Of fellowship in all disastrous fight.

“In all disastrous fight”? That’s better than painting the thing merely to pique Maisie. I can do it now because I have it inside me. Binkie, I’m going to hold you up by your tail. You’re an omen. Come here.’ Binkie swung head downward for a moment without speaking. ‘Rather like holding a guinea-pig; but you’re a brave little dog, and you don’t yelp when you’re hung up. It is an omen.’ Binkie went to his own chair, and as often as he looked saw Dick walking up and down, rubbing his hands and chuckling. That night Dick wrote a letter to Maisie full of the tenderest regard for her health, but saying very little about his own, and dreamed of the Melancolia to be born. Not till morning did he remember that something might happen to him in the future. He fell to work, whistling softly, and was swallowed up in the clean, clear joy of creation, which does not come to man too often, lest he should consider himself the equal of his God, and so refuse to die at the appointed time. He forgot Maisie, Torpenhow, and Binkie at his feet, but remembered to stir Bessie, who needed very little stirring, into a tremendous rage, that he might watch the smouldering lights in her eyes. He threw himself without reservation into his work, and did not think of the doom that was to overtake him, for he was possessed with his notion, and the things of this world had no power upon him. ‘You’re pleased to-day,’ said Bessie. Dick waved his mahl-stick in mystic circles and went to the sideboard for a drink. In the evening, when the exaltation of the day had died down, he went to the sideboard again, and after some visits became convinced that the eye-doctor was a liar, since he could still see everything very clearly. He was of opinion that he would even make a home for Maisie, and that whether she liked it or not she should be his wife. The mood passed next morning, but the sideboard and all upon it remained for his comfort. Again he set to work, and his eyes troubled him with spots and dashes and blurs till he had taken counsel with the sideboard, and the Melancolia both on the canvas and in his own mind appeared lovelier than ever. There was a delightful sense of irresponsibility upon him, such as they feel who walking among their fellow-men know that the death-sentence of disease is upon them, and, seeing that fear is but waste of the little time left, are riotously happy. The days passed without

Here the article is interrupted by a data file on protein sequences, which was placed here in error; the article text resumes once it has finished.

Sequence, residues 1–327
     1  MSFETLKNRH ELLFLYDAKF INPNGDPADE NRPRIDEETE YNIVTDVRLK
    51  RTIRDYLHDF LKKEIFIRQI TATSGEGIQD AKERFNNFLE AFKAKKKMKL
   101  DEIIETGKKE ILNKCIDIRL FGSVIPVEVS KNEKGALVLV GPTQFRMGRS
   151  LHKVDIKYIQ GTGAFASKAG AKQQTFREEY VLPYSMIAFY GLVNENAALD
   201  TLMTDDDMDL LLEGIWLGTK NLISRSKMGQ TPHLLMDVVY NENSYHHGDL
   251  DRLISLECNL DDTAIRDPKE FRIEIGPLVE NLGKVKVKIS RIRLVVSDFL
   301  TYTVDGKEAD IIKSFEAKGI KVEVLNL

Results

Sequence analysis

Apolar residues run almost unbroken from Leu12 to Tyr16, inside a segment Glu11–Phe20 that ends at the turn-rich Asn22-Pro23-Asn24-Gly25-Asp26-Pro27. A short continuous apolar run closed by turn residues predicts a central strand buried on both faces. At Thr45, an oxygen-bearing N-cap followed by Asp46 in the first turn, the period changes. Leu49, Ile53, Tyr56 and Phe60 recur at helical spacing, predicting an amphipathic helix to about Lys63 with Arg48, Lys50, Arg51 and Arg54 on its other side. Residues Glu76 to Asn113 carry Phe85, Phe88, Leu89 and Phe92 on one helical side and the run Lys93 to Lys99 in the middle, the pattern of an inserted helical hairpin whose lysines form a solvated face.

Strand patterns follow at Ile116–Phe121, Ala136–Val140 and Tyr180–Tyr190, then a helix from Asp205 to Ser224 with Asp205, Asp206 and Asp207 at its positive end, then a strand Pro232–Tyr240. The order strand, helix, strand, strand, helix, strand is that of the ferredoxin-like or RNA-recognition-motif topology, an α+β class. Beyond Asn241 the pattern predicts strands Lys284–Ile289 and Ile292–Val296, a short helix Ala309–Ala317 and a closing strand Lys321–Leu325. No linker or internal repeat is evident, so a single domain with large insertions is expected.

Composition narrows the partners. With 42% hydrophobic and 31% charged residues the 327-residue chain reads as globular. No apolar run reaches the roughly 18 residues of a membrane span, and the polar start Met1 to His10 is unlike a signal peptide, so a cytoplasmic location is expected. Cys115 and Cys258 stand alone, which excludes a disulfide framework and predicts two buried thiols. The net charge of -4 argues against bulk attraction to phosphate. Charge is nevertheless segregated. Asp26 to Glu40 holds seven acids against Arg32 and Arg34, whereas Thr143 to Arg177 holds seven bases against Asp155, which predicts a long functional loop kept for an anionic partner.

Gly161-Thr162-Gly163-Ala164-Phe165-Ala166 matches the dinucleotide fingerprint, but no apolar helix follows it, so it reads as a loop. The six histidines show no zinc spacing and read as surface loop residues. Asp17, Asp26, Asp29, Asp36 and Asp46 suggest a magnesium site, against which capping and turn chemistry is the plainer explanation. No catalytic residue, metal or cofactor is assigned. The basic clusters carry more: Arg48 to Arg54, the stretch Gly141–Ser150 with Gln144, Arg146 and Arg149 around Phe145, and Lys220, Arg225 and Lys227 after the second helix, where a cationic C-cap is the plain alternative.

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event. Bessie arrived punctually always, and, though her voice seemed to Dick to come from a distance, her face was always very near. The Melancolia began to flame on the canvas, in the likeness of a woman who had known all the sorrow in the world and was laughing at it. It was true that the corners of the studio draped themselves in gray film and retired into the darkness, that the spots in his eyes and the pains across his head were very troublesome, and that Maisie’s letters were hard to read and harder still to answer. He could not tell her of his trouble, and he could not laugh at her accounts of her own Melancolia which was always going to be finished. But the furious days of toil and the nights of wild dreams made amends for all, and the sideboard was his best friend on earth. Bessie was singularly dull. She used to shriek with rage when Dick stared at her between half-closed eyes. Now she sulked, or watched him with disgust, saying very little. Torpenhow had been absent for six weeks. An incoherent note heralded his return. ‘News! great news!’ he wrote. ‘The Nilghai knows, and so does the Keneu. We’re all back on Thursday. Get lunch and clean your accoutrements.’ Dick showed Bessie the letter, and she abused him for that he had ever sent Torpenhow away and ruined her life. ‘Well,’ said Dick, brutally, ‘you’re better as you are, instead of making love to some drunken beast in the street.’ He felt that he had rescued Torpenhow from great temptation. ‘I don’t know if that’s any worse than sitting to a drunken beast in a studio. You haven’t been sober for three weeks. You’ve been soaking the whole time; and yet you pretend you’re better than me!’ ‘What d’you mean?’ said Dick. ‘Mean! You’ll see when Mr. Torpenhow comes back.’ It was not long to wait. Torpenhow met Bessie on the staircase without a sign of feeling. He had news that was more to him than many Bessies, and the Keneu and the Nilghai were trampling behind him, calling for Dick. ‘Drinking like a fish,’ Bessie whispered. ‘He’s been at it for nearly a month.’ She followed the men stealthily to hear judgment done. They came into the studio, rejoicing, to be welcomed over effusively by a drawn, lined, shrunken, haggard wreck,—unshaven, blue-white about the nostrils, stooping in the shoulders, and peering under his eyebrows nervously. The drink had been at work as steadily as Dick. ‘Is this you?’ said Torpenhow. ‘All that’s left of me. Sit down. Binkie’s quite well, and I’ve been doing some good work.’ He reeled where he stood. ‘You’ve done some of the worst work you’ve ever done in your life. Man alive, you’re——’ Torpenhow turned to his companions appealingly, and they left the room to find lunch elsewhere. Then he spoke; but, since the reproof of a friend is much too sacred and intimate a thing to be printed, and since Torpenhow used figures and metaphors which were unseemly, and contempt untranslatable, it will never be known what was actually said to Dick, who blinked and winked and picked at his hands. After a time the culprit began to feel the need of a little self-respect. He was quite sure that he had not in any way departed from virtue, and there were reasons, too, of which Torpenhow knew nothing. He would explain. He rose, tried to straighten his shoulders, and spoke to the face he could hardly see. ‘You are right,’ he said. ‘But I am right, too. After you went away I had some trouble with my eyes. So I went to an oculist, and he turned a gasogene—I mean a gas-engine—into my eye. That was very long ago. He said, “Scar on the head,—sword-cut and optic nerve.” Make a note of that. So I am going blind. I have some work to do before I go blind, and I suppose that I must do it. I cannot see much now, but I can see best when I am drunk. I did not know I was drunk till I was told, but I must go on with my work. If you want to see it, there it is.’ He pointed to the all but finished Melancolia and looked for applause. Torpenhow said nothing, and Dick began to whimper feebly, for joy at seeing Torpenhow again, for grief at misdeeds—if indeed they were misdeeds—that made Torpenhow remote and unsympathetic, and for childish vanity hurt, since Torpenhow had not given a word of praise to his wonderful picture. Bessie looked through the keyhole after a long pause, and saw the two walking up and down as usual, Torpenhow’s hand on Dick’s shoulder. Hereat she said something so improper that it shocked even Binkie, who was dribbling patiently on the landing with the hope of seeing his master again.